Using Mission Creek as Kelowna's main water source will destroy ecosystem: fisheries group

The Okanagan Fisheries Foundation say using Mission Creek as Kelowna's main water source will destroy its' ecosystem.

KELOWNA - Using Mission Creek as a primary water source Kelowna would be detrimental to the ecosystem, according to a local fisheries group.

Last month, American consulting company Strategic Value Solutions — who was hired by the city — presented their report recommending Kelowna use Mission Creek as its primary source of drinking water.

Mat Hanson, who is on the board of directors for the Okanagan Fisheries Foundation, says increasing use of Mission Creek would ultimately destroy its ecosystem.

“It would be the overall collapse of the ecosystem in order for city council to provide a water solution to Kelowna,” Hanson says.

He says no consultation has been done to determine what impact the water use plan would have on Mission Creek’s ecosystem.

“This is not about supplying clean drinking water, it’s about the City of Kelowna saving money,” Hanson says.

The City of Kelowna has released a statement on the For the Record page on it's website to address the concerns surrounding the creek. 

"The City would never do anything to damage Mission Creek or the wildlife that rely on the creek and will be proceeding with the full involvement of relevant ministries and agencies," the statement says. 

The letter refers to provincial and federal laws that regulate withdrawing water from creeks in order to ensure the health of the stream.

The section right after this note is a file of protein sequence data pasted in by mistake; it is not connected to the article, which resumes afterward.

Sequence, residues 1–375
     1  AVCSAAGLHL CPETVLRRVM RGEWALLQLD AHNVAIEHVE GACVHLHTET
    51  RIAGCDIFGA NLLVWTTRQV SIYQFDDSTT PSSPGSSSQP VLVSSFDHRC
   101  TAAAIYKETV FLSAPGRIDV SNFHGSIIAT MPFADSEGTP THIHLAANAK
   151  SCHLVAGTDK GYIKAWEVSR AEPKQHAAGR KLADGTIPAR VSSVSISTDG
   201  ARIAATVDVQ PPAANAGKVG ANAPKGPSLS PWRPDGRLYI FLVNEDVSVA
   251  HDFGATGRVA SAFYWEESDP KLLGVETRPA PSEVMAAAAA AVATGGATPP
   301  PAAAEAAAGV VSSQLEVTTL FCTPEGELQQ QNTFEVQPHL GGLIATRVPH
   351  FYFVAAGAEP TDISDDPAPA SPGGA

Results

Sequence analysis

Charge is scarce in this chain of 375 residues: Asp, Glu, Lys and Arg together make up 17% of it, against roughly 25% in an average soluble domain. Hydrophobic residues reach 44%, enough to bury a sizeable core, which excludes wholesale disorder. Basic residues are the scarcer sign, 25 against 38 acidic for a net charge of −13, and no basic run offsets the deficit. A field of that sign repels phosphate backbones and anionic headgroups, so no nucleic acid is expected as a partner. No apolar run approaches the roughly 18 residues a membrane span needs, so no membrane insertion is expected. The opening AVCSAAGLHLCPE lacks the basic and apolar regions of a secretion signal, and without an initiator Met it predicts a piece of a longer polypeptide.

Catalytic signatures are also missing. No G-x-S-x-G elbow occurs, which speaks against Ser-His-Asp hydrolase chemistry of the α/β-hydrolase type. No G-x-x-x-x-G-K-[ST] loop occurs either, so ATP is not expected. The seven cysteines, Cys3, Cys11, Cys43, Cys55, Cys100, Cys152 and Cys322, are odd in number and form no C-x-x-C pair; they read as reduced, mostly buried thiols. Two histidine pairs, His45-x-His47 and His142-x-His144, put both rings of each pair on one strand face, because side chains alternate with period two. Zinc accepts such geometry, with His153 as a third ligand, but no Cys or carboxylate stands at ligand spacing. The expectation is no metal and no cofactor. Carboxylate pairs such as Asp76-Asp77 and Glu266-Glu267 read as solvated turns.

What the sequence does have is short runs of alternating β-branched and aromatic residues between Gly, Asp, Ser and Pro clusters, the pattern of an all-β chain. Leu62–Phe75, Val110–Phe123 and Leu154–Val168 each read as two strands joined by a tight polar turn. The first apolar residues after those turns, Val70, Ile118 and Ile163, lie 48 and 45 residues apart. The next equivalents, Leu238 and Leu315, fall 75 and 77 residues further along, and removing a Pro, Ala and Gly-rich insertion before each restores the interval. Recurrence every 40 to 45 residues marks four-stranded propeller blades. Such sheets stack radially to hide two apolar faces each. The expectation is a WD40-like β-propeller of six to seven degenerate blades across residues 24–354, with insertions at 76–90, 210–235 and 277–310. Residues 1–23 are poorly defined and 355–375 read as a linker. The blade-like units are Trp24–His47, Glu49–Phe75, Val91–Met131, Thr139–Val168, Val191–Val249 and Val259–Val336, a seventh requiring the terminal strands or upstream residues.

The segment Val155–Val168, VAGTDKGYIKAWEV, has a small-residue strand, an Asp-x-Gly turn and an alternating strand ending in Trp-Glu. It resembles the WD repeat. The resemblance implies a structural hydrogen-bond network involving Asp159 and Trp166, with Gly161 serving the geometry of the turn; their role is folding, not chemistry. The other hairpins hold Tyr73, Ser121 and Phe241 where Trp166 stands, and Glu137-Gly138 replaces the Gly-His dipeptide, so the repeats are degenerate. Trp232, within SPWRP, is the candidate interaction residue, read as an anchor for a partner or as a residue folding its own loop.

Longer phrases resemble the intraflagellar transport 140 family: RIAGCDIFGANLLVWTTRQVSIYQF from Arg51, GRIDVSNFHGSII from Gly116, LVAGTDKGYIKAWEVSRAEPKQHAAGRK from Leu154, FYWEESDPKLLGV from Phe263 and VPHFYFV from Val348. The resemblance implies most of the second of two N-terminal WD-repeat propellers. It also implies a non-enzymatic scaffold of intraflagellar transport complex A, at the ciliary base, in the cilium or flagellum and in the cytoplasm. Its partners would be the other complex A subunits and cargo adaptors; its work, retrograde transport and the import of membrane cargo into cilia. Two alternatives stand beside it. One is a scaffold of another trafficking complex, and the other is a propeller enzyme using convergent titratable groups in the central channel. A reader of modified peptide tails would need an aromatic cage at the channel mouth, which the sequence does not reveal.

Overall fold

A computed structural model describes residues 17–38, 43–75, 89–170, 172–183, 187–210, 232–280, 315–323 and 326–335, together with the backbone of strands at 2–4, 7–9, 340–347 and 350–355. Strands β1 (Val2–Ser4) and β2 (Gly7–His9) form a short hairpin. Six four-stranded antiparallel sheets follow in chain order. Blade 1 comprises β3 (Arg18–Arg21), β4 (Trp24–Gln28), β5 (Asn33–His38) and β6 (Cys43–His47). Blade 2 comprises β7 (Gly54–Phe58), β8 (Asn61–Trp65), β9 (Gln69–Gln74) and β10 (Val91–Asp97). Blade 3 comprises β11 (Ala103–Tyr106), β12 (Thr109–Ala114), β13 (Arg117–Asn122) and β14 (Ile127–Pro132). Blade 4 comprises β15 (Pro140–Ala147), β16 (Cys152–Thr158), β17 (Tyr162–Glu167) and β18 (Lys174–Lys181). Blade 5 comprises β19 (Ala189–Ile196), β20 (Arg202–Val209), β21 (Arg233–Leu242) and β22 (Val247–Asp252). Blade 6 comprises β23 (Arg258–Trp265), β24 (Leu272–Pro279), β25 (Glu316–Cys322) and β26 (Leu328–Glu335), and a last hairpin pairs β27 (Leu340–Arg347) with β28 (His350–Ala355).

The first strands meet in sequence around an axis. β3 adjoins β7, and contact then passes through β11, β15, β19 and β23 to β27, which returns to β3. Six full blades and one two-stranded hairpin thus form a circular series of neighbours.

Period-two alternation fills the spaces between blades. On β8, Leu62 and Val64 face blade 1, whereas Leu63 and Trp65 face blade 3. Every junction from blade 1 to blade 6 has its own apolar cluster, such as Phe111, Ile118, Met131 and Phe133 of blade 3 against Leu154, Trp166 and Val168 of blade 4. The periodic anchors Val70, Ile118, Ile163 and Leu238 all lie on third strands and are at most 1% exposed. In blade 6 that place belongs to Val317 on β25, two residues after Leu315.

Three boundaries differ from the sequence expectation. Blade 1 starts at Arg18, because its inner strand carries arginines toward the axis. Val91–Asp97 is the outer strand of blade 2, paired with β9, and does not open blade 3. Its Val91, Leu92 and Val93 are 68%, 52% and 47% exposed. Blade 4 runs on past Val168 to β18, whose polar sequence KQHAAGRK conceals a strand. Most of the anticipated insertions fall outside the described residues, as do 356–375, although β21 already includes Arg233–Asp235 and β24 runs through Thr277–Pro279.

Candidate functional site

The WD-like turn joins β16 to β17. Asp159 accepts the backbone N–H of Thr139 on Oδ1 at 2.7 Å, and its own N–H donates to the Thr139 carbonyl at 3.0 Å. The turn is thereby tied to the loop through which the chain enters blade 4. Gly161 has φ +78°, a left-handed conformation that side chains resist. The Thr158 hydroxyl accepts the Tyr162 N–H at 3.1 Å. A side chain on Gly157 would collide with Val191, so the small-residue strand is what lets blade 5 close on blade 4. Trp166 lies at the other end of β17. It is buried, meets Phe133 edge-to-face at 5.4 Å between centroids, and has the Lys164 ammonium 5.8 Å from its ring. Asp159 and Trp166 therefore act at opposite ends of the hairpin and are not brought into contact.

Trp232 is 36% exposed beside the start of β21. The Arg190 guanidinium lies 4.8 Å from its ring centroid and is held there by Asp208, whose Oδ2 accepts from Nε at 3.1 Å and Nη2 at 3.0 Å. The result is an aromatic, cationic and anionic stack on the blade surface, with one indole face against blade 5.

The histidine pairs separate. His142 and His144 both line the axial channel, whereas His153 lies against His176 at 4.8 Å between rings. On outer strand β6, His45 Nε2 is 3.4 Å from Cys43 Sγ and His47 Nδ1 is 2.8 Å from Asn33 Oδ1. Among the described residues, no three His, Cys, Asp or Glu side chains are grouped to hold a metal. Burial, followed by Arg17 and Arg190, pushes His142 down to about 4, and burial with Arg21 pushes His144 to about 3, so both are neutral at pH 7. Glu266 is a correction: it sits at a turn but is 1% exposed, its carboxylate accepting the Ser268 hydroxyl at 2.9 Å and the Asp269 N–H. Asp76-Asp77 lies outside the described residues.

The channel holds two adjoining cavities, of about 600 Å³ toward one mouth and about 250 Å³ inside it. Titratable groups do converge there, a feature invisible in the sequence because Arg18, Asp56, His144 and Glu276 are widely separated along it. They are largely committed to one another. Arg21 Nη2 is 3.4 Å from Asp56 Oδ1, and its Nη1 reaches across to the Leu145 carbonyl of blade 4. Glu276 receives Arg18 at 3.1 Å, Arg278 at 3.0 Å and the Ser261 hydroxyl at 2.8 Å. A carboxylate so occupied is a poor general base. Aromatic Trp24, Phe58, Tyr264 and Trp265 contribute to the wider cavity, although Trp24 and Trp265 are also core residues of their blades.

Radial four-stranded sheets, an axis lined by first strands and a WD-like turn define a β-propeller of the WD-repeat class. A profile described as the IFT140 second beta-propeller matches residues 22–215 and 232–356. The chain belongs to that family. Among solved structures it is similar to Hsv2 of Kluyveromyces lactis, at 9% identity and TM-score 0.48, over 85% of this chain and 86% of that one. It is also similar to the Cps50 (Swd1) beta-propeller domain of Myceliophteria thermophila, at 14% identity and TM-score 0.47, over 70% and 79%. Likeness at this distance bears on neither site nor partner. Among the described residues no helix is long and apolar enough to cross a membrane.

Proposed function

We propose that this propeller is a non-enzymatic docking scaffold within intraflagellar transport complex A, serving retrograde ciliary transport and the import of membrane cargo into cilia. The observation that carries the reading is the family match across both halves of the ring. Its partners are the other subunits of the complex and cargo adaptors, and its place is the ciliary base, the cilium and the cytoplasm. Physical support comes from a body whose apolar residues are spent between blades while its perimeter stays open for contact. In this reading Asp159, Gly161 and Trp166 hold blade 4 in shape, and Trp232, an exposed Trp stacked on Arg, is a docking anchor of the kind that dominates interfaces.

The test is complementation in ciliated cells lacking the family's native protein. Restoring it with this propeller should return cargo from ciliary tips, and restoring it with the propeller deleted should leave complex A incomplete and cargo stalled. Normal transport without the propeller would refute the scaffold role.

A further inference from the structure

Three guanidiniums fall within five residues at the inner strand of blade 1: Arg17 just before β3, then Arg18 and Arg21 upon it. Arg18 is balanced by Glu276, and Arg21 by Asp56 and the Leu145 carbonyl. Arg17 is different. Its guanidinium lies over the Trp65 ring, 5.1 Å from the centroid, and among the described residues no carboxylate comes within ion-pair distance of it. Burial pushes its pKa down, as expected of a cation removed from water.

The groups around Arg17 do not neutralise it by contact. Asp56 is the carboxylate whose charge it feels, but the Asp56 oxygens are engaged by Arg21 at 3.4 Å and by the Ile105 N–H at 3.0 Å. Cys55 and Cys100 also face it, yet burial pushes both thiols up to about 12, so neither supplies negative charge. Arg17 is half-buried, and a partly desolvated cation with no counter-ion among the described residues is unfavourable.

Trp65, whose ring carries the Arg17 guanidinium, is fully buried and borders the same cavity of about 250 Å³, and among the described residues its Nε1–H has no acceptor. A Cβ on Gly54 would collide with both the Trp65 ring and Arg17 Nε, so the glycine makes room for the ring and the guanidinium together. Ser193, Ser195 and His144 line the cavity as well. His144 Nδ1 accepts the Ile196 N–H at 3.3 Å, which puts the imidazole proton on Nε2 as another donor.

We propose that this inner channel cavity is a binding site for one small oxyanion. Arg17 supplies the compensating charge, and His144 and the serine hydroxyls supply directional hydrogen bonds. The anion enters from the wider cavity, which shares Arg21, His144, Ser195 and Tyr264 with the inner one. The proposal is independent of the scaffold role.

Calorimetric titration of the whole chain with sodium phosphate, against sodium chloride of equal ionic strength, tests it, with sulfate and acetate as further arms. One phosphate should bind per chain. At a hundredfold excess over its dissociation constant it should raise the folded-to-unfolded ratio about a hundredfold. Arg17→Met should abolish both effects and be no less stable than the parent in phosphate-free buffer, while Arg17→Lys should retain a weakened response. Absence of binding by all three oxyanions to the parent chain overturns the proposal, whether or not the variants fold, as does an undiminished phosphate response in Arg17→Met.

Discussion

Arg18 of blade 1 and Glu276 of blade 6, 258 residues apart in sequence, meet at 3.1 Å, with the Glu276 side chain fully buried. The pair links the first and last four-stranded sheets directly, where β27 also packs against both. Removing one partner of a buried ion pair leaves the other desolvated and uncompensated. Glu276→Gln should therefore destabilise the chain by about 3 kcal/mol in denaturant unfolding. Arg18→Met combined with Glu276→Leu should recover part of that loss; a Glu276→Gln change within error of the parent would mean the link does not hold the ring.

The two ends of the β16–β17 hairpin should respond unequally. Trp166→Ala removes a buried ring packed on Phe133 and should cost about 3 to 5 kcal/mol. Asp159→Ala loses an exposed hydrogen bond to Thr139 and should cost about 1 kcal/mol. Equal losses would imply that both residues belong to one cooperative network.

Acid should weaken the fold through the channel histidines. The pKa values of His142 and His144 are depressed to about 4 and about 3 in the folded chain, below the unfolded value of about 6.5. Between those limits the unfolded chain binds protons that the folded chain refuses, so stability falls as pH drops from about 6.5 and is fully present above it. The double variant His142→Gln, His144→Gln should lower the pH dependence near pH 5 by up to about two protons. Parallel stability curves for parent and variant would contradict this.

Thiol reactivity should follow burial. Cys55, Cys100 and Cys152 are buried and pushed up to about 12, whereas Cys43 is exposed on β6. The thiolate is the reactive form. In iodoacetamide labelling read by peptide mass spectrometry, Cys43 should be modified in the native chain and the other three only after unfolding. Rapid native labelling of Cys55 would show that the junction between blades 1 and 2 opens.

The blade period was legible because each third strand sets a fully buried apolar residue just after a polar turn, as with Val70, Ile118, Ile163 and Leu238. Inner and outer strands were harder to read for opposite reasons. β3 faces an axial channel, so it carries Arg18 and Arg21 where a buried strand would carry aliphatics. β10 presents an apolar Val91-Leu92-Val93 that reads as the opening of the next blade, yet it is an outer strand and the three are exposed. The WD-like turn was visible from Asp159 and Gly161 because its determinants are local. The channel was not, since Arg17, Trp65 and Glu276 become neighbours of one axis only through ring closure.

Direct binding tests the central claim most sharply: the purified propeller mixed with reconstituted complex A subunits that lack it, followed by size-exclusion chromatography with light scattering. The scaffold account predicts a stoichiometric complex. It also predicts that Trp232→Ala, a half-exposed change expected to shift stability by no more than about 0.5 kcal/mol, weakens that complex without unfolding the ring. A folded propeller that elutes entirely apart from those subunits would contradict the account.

"That’s the beauty of the 2017 Kelowna Integrated Water Supply Plan – its built-in resiliency and redundancy. If there is a shortfall in Mission Creek for any reason, more water could be drawn from Okanagan Lake or ground water," the City says. 

The Okanagan Fisheries Foundation has started an online petition opposing the plan to use Mission Creek as a main water source. 

He says on average 20 gigaliters are used from the creek per day, this number would double if the river was used as a main water source.

“Anyone who’s been along the Mission Greenway in August can see the water levels in summer. They’re only just enough to supply water to keep fish and the eggs that are emerging alive,” Hanson says.

At already low levels, Hanson says the project would destroy the kokanee salmon run, and the rainbow trout population that spawn in the creek would also be at risk.

According to the City of Kelowna, annual kokanee stocks have seen a dramatic decline. While there were around one million fish during the 1940s and 30,000 in 1996, as of 2010 these numbers are closer to 16,000. Additionally, the City lists western screech owls, grasshopper sparrows, Western Painted Turtles, Spotted Bats, Whitethroated Swifts, Black Cottonwood, and Great Blue Herons as other at risk species.

The City of Kelowna was just given a Species and Ecosystems at Risk Local Government Working Group award for the Mission Creek Restoration Initiative. The project was aimed at restoring the natural functions of Mission Creek.

“We’re overlooking the reason why so many of us moved to the Okanagan, and that was to enjoy the natural resources and bounty the valley provides,” Hanson says. “We’re on a fast track to becoming the Las Vegas of the Interior at the expense of our environment.”

— This story was updated at 11:44 a.m., Monday, March 20, 2017 to include a statement from the City of Kelowna. 


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